Understanding Spice Addiction: Dangers & Side Effects
In This Article
What is Spice?
The drug called spice is a synthetic cannabinoid and a cheaper alternative to marijuana. Despite being advertised as a “safe alternative” to cannabis, synthetic marijuana can be dangerous and, in some cases, fatal.
Spice is a blend of lab-manufactured mind-altering chemicals. Although synthetic cannabinoid is similar to marijuana, it’s much stronger and sometimes triggers different reactions.
Spice is illegal for use in the military and various states. However, manufacturers can sometimes get around the law by altering the mixture of ingredients, labeling it “not for human consumption,” and/or marketing the drug as incense.
Is Spice Addictive?
Spice is a very addictive drug. It continues to evolve and is now the second most commonly abused drug among high school seniors.9
People with a spice addiction tend to experience withdrawal symptoms when they are not using it. These withdrawal symptoms include:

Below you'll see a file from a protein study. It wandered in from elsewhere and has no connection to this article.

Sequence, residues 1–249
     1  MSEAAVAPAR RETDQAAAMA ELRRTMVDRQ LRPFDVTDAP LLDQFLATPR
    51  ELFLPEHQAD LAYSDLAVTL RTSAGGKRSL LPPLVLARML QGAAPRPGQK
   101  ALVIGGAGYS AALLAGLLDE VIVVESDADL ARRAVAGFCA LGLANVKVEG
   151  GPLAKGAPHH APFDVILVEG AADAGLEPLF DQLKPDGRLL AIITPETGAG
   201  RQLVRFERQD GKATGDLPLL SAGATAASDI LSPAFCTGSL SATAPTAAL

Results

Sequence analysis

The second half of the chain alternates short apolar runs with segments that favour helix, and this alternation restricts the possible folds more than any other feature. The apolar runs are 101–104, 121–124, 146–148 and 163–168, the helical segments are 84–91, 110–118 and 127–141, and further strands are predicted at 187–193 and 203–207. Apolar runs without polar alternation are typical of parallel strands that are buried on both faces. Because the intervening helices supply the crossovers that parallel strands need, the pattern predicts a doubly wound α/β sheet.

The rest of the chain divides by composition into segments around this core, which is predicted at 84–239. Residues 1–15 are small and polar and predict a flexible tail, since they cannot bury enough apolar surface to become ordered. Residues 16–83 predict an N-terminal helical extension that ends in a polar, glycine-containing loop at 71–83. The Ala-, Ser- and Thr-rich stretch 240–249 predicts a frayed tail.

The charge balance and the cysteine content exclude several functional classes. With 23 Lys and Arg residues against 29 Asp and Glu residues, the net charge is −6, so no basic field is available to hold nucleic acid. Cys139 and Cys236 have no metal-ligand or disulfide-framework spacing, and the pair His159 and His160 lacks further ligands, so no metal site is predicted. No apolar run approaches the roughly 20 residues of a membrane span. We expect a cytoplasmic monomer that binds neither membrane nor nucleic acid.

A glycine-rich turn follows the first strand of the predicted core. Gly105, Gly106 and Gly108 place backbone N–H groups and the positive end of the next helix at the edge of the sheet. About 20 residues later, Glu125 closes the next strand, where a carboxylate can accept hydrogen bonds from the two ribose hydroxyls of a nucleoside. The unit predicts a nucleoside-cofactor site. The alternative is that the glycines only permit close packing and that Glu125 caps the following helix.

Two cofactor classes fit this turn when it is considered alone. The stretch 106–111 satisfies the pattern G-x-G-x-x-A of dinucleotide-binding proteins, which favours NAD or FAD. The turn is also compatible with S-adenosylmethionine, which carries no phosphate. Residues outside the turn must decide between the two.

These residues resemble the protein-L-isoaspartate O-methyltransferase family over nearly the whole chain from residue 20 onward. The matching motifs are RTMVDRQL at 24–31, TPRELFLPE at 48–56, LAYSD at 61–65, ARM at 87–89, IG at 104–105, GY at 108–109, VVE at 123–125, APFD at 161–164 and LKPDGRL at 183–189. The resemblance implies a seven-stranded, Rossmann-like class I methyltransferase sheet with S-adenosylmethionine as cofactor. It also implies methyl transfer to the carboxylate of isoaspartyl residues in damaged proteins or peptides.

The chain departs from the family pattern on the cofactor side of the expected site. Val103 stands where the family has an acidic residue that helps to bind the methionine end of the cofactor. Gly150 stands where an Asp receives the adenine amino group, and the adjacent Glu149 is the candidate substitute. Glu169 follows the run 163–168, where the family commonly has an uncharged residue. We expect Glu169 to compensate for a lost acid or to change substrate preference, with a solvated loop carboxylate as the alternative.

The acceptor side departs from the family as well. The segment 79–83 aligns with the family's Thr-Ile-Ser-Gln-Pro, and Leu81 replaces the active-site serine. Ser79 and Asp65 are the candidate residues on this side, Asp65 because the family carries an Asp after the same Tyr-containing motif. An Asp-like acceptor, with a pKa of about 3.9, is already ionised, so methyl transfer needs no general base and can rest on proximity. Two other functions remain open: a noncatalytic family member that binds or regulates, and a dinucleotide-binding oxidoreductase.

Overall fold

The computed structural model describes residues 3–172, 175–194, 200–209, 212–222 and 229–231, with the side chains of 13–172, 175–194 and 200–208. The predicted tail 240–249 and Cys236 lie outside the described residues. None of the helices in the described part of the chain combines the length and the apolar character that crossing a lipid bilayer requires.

New chemicals are often added and tampered with to create new spice variations. The Office of the National Drug Control Policy related that 51 new synthetic cannabinoids were recognized in 2012. Since then, new psychoactive substances have been introduced.
Spice Addiction Symptoms
Over time and with frequent intake, users of the drug can develop a spice addiction.
Spice addiction triggers a variety of symptoms, including:
- Obsessive and disordered thinking
- Neglecting personal hygiene and physical appearance
- Compulsive or continued use despite negative side effects
- Withdrawal symptoms
- Signs of tolerance
- Neglect of other areas of your life
- Difficulty functioning
- Problems with focus
- Having a desire to decrease or cease use and not being able to do so
People with a synthetic marijuana addiction might also experience health problems, such as an increased heart rate, vomiting, or hallucinations.
How Do People Consume Spice?
People commonly consume spice by smoking the dried plant material. However, it can also be sprayed on dried, shredded plants and sold as liquids for vaporizing in e-cigarettes. Some also brew tea or sell it as herbal or liquid incense.
Spice Street Names